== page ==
Here in Santa Barbara county, we are surrounded by the all encompassing Pacific Ocean. Due to recent discourses on climate change and its effects, there has been critical debate on the state of the ocean and the danger to its future. The only thing not debated about the ocean is its color. However, recent experiments conducted by researchers at UCSD and University of Washington will have beach goers questioning how the ocean could be any color other than blue.
Researchers at UC San Diego’s Scripps Institute of Oceanography and the University of Washington are temporarily turning the seawater at a San Diego beach pink in the name of science. The experiment is meant to study the way that freshwater outflows interact with the surf zone. While rivers and estuaries are important to delivering freshwater and sediment to the coastal ocean, little is known about how the more buoyant freshwater interacts with the denser and often colder nearshore ocean environment and its breaking waves. By releasing an environmentally safe pink dye into the ocean, researchers can track the processes that take place when the fresh and saltwater meet. The first of three releases of dye began on January 20 with the last taking place in early February. The releases will be conducted within Torrey Pines State Beach and Natural Reserve in San Diego.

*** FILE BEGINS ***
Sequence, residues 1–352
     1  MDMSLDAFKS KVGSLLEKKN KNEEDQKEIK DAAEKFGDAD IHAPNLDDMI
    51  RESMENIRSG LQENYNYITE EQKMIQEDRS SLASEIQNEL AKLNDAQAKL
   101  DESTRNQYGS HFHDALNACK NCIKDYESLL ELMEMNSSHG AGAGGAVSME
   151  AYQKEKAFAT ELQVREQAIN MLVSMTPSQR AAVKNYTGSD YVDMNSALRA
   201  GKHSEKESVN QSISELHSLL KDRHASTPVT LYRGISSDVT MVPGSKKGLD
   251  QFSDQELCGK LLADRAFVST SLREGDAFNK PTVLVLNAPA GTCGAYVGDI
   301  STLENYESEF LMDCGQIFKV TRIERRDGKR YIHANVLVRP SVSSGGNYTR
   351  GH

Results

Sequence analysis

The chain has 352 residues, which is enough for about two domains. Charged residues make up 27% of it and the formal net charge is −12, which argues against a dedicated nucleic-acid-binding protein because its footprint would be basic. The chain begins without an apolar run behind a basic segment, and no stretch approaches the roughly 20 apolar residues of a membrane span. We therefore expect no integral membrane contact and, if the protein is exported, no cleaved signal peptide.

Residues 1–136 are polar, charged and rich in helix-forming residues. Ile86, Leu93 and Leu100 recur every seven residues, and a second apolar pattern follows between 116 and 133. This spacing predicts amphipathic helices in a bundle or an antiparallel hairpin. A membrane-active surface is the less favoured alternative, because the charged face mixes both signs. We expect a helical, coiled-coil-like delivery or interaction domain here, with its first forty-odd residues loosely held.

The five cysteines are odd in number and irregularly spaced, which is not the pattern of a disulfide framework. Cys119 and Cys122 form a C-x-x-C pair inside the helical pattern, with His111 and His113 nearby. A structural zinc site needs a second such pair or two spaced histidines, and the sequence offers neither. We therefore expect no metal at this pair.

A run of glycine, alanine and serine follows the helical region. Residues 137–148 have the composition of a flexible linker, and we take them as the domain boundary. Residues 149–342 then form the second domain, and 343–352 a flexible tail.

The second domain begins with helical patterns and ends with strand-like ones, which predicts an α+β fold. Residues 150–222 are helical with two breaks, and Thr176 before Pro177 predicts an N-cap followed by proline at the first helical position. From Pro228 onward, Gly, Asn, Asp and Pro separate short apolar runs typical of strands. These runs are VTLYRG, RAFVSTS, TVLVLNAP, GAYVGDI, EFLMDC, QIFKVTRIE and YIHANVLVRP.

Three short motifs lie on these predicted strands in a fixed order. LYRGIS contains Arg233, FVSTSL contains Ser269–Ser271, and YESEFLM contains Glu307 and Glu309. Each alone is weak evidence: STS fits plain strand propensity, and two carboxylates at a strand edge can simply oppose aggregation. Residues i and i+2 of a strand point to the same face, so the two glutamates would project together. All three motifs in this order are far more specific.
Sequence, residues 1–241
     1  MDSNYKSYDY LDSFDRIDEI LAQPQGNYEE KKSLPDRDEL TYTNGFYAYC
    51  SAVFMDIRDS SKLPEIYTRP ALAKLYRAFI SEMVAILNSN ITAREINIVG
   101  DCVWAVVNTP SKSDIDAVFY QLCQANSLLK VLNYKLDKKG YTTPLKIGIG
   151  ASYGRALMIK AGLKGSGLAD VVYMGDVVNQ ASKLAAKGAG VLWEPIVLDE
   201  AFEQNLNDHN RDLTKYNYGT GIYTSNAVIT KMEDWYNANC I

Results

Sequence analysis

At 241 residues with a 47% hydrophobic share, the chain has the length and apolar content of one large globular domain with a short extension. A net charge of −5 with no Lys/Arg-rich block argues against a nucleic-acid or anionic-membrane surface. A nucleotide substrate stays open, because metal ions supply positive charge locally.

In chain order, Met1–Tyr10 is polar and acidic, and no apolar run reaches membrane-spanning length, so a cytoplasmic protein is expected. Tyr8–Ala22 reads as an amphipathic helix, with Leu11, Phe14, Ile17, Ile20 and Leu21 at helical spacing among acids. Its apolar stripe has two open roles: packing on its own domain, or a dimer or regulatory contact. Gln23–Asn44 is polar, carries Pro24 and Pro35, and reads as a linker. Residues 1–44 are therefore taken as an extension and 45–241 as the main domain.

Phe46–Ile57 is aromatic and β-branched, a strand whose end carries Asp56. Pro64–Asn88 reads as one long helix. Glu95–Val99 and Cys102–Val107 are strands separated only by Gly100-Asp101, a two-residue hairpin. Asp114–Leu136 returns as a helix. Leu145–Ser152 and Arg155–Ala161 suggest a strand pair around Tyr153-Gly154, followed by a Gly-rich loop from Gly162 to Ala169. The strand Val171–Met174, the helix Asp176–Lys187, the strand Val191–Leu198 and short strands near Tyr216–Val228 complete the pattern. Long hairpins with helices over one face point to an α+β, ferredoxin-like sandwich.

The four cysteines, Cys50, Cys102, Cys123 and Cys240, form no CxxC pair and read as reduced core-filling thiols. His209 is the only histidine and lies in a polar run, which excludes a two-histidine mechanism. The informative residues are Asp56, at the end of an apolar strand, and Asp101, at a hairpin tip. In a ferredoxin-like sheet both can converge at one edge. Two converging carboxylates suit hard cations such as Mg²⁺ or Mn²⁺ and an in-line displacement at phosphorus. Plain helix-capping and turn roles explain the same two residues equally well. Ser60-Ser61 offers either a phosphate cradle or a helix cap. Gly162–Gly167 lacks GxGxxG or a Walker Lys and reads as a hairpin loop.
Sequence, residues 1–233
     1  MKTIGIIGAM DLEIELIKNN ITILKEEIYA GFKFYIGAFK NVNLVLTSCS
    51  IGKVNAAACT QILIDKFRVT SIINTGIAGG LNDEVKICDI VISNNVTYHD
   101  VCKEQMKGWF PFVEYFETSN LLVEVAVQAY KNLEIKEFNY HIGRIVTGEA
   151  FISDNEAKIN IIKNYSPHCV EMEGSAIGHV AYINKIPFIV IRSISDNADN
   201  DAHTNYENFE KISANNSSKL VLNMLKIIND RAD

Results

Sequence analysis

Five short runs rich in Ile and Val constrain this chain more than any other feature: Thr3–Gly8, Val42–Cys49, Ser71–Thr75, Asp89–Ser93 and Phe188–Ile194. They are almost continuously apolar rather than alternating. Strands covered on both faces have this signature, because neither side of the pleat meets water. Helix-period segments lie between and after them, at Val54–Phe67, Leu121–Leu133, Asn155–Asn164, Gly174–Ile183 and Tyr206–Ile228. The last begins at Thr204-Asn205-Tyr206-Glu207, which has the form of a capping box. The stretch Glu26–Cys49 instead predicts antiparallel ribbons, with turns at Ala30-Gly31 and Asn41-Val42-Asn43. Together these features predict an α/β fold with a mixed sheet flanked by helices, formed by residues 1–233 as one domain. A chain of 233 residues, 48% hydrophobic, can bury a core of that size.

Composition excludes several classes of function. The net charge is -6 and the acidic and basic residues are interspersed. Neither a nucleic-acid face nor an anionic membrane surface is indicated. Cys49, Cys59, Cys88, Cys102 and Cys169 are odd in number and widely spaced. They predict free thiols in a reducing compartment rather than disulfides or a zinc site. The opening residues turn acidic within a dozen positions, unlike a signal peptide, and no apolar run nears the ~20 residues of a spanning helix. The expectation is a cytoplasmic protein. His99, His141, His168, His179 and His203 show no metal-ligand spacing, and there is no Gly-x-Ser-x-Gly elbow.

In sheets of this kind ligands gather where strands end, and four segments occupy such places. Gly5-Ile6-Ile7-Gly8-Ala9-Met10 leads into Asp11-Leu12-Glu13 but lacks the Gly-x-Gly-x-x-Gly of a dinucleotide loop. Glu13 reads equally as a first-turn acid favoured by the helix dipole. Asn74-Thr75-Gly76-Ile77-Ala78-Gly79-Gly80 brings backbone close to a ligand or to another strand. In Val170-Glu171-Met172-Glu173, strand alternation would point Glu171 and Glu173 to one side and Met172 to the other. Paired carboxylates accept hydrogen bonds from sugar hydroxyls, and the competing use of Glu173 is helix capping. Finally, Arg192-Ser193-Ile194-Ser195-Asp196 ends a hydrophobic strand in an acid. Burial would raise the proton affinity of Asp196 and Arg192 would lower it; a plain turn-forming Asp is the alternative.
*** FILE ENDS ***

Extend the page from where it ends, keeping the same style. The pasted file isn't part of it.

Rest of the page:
The results of this experiment will offer crucial new information on the spread of sediment, pollutants, larvae, and other important materials. After each release, the pink dye is visible to the naked eye for approximately 24 hours. Thanks to researchers at UCSD and University of Washington, beach goers in San Diego County will be left wondering if the change to their ocean is a Valentine’s Day miracle, all in the name of science.
[Image Credit: Mary Moses]
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